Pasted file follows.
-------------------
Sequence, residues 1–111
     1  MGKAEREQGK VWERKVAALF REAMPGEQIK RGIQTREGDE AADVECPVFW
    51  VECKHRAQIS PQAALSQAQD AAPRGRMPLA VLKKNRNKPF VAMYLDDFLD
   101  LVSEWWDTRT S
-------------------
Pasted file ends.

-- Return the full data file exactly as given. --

Sequence, residues 1–111
     1  MGKAEREQGK VWERKVAALF REAMPGEQIK RGIQTREGDE AADVECPVFW
    51  VECKHRAQIS PQAALSQAQD AAPRGRMPLA VLKKNRNKPF VAMYLDDFLD
   101  LVSEWWDTRT S